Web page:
Merrill's English History

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General Books LLC, 2009 - Literary Collections - 182 pages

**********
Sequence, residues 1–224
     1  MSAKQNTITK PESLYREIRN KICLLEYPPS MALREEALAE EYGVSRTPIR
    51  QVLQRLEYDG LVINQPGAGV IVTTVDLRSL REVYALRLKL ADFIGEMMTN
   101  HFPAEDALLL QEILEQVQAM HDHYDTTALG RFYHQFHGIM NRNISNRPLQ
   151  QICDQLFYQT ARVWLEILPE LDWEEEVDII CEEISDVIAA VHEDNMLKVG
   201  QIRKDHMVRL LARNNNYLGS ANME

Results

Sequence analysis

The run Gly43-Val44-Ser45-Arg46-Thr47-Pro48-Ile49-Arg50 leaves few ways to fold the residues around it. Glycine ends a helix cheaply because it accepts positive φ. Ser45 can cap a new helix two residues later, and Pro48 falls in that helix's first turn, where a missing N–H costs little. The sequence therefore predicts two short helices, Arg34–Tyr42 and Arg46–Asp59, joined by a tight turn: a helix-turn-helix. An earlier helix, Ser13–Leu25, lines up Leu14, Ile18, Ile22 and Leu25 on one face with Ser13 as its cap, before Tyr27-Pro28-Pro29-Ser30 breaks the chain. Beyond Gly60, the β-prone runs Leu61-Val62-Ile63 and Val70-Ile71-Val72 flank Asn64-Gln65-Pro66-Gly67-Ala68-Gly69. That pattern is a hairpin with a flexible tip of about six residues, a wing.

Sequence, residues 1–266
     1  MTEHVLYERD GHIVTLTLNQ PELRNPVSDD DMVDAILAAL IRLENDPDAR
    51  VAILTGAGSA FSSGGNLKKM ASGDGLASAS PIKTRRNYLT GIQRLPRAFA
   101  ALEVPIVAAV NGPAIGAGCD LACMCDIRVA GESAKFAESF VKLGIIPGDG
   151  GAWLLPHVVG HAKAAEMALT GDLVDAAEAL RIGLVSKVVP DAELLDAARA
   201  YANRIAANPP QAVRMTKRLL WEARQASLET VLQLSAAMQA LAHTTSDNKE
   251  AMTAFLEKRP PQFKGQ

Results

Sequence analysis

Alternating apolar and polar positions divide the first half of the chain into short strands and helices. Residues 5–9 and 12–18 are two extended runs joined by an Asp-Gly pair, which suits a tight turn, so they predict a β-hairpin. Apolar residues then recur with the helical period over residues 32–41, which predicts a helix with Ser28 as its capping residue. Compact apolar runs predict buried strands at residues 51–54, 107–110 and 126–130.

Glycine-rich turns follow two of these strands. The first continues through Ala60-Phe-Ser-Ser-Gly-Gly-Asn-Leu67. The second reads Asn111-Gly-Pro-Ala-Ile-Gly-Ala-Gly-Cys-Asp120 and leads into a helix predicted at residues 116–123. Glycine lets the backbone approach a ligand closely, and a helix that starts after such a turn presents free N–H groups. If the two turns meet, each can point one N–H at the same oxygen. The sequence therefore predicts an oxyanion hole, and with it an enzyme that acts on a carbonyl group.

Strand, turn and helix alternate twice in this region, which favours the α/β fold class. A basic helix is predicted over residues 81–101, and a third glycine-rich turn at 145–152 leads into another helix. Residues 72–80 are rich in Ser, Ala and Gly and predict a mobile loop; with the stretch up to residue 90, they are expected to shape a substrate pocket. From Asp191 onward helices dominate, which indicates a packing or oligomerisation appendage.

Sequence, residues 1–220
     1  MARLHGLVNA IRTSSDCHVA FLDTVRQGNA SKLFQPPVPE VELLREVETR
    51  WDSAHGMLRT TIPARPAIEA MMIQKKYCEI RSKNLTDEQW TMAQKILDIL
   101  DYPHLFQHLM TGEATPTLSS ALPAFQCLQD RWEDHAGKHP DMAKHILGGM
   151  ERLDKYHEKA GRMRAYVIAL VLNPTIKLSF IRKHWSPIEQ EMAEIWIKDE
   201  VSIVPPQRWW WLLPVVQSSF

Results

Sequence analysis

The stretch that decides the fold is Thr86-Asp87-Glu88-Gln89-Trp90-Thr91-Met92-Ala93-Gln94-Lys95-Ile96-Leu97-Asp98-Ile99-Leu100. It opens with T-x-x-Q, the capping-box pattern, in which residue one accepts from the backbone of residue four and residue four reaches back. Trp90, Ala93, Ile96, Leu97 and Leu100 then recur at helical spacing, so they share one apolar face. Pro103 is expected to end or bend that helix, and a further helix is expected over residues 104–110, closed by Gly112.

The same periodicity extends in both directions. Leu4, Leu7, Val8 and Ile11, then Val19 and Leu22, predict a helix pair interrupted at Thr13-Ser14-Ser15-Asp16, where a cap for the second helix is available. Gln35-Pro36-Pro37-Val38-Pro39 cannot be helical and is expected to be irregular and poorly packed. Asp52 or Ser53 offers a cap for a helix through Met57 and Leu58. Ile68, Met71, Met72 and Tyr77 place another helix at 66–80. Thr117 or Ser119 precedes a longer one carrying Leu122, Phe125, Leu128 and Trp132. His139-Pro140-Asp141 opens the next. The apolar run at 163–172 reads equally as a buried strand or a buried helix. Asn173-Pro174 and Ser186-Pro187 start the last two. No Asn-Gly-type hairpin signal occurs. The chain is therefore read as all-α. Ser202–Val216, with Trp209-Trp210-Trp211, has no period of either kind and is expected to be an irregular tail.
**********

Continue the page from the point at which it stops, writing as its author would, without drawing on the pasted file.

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This historic book may have numerous typos and missing text. Purchasers can download a free scanned copy of the original book (without typos) from the publisher. Not indexed. Not illustrated. 1904 Excerpt: ...up strong and tall and became a grave, stately man, the foolish, king always called him "Baby." King James had also a daughter, Elizabeth, who married the German prince Frederic, Count Palatine. His territory, which was called the Palatinate, lay near the Rhine, having Heidelberg for its capital city. The marriage pleased the English, because Frederic was a Protestant prince, and they had feared that James would marry all his children to Roman Catholics. But it was not a very fortunate marriage. Elizabeth was remarkably beautiful, but not very prudent; and at the end of a few years she persuaded her husband to accept the kingdom of Bohemia. Bohemia was governed by the Emperor of Germany; it was inhabited partly by Protestants and partly by Roman Catholics, and the Protestants, who thought themselves ill-used, resolved to have a Protestant king. They offered their crown to Count Frederic, who was unwise enough to accept it without taking steps to maintain himself in the kingdom. The emperor soon drove him out of Bohemia, and then took from him his own country of the Palatinate; and then unfortunate Frederic and Elizabeth were obliged to fly to Holland, where they lived upon the bounty of their friends. They had a great many sons and daughters; some of them will be mentioned in the course of this history, especially Prince Rupert. The people of England wished much to go to war with the emperor, but King James could not be persuaded to draw the sword, even to restore his daughter and her husband to their own territory. He was afraid that he might displease the King of Spain, who was in alliance with the emperor; and he would not offend the Spaniards, because he wished to marry his son Charles to a Spanish princess. The thought of this marriage was ha...

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